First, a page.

3 Scottish Saints Who Remind Us of the Universality of Our Church

Graphic design of Scottish Saints with Scottish landscape in background
Graphic by Ignatz DeCourcey

My wife and I recently celebrated our 10 year wedding anniversary. To commemorate such an occasion, we decided to go somewhere we had never been before, and landed on taking a trip to Scotland. Among the rolling hills, beautiful greenery, and abundance of sheep and cows (or “coos” as they are known there), I was introduced to the country’s rich history, including a number of Catholic saints who were important in the region’s Christian story. While there are Catholic saints known all over the world, a great many lesser-known saints played a meaningful role in spreading the faith. Here are three I learned about on my trip who played an important role in Scottish Christian history:

St. Kentigern (also known as St. Mungo)

St. Kentigern was born and raised in the region of Fife. As legend has it, the saint’s mother became pregnant with Kentigern before marriage and, as a punishment, was thrown from a cliff. Miraculously, she survived the fall unscathed. She found a lone boatman who agreed to take her across the Firth of Forth to Fife, where she gave birth to Kentigern. There, they met another Scottish saint, St. Serf, who raised the young Kentigern in the faith and gave him the nickname Mungo, which roughly translates to “my dear one.”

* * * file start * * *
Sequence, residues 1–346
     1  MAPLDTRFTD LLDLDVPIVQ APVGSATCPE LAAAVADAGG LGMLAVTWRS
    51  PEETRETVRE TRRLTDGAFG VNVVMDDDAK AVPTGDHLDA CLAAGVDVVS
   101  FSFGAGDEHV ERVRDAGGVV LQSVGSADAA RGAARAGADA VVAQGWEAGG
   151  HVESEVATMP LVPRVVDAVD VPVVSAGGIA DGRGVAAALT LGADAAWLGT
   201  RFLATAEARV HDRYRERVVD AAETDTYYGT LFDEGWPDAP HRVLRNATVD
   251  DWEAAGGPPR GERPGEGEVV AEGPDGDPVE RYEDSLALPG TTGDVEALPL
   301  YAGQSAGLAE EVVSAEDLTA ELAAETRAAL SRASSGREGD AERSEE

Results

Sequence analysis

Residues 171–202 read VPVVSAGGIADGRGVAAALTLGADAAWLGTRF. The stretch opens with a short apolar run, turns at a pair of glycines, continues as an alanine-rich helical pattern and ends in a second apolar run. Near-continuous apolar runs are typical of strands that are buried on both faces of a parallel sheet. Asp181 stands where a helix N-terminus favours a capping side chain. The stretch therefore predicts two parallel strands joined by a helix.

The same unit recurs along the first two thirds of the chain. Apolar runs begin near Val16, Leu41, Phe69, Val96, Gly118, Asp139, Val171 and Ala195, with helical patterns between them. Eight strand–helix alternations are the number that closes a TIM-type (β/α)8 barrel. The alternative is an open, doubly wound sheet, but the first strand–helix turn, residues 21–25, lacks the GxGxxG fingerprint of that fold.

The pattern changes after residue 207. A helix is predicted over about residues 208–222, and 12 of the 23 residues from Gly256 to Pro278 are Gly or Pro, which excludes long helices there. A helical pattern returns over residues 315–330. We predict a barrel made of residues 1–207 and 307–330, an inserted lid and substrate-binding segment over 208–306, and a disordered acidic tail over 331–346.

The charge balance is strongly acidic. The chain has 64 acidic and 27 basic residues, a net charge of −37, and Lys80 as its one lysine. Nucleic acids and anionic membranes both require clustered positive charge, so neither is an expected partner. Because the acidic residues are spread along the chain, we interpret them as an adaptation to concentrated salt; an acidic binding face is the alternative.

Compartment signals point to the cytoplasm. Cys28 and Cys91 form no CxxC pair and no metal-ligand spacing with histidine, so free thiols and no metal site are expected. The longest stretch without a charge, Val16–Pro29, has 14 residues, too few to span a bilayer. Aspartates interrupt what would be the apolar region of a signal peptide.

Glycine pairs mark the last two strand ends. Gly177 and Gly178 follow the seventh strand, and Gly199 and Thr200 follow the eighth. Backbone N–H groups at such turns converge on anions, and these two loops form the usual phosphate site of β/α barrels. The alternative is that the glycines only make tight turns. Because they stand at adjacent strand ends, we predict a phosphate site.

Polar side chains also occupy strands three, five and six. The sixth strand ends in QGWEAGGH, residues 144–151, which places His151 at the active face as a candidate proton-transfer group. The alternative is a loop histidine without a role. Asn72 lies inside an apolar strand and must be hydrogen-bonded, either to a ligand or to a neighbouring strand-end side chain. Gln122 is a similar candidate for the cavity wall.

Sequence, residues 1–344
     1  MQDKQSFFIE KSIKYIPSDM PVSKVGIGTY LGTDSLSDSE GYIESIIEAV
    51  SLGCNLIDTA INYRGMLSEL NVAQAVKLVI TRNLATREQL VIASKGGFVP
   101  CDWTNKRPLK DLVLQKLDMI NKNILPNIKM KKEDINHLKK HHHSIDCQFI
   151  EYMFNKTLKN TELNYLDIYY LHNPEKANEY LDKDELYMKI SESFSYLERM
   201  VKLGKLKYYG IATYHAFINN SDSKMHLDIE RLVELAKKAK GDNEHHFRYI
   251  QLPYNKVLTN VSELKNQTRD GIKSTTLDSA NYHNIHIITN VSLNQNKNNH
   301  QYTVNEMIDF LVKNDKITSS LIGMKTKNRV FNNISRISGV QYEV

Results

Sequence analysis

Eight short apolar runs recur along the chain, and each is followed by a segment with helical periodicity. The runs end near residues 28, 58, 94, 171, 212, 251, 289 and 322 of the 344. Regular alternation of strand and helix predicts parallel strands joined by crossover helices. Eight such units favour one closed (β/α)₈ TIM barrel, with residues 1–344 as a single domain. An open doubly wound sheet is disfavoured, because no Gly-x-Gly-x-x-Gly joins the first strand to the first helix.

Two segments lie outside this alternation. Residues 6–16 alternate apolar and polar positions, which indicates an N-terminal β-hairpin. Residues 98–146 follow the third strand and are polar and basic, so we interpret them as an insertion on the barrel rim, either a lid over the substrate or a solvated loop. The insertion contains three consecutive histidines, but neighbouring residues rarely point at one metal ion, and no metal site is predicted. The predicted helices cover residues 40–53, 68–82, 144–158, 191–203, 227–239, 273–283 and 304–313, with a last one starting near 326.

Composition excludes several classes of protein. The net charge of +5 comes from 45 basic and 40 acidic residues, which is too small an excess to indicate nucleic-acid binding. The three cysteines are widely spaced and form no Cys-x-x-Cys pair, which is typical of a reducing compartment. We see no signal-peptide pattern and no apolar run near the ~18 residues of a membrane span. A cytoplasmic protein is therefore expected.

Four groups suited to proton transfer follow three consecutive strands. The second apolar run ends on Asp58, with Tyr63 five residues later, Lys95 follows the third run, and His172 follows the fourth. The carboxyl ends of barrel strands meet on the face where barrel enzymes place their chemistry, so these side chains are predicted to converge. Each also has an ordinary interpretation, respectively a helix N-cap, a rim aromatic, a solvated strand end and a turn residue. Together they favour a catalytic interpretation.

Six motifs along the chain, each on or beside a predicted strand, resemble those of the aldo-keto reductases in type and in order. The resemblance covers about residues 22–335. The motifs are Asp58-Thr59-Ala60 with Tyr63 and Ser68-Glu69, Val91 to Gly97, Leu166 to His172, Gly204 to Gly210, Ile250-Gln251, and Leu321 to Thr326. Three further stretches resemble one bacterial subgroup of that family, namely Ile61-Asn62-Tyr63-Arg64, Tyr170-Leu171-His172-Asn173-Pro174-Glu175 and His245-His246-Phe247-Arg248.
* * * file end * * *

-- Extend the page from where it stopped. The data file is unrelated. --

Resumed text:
Among the many things he did in his life, St. Kentigern is best known for founding the city of Glasgow. When he was 25, he set out on missionary work and built a small monastic cell and church by the River Clyde. Fast-forward to medieval times; the site was built into a cathedral and currently stands as the oldest surviving cathedral in Scotland. In 2016, an Australian street artist named Smug completed a large mural a short distance from the cathedral to honor the city’s patron saint. The mural depicts St. Kentigern in modern-day clothes with a bird perched on his finger. The bird alludes to a miracle attributed to the saint in which he brought a robin back to life. When thinking about the formation of a city, I’d often think about things such as population growth or industrial development. It was quite fascinating to learn that the small cell of a Christian monk had such a significance to the founding of Scotland’s second largest city.

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St. Columba

St. Columba was a sixth-century Irish monk who is credited with helping spread Christianity through the widespread conversion of the Picts, a people who inhabited the land we now know as Scotland. The tour guide on my trip explained that one can’t talk about Scottish history without talking about Ireland, and that is certainly the case in Christian history, as the initial spread of Christianity to the Scottish region can be traced back to a number of Irish saints and monks.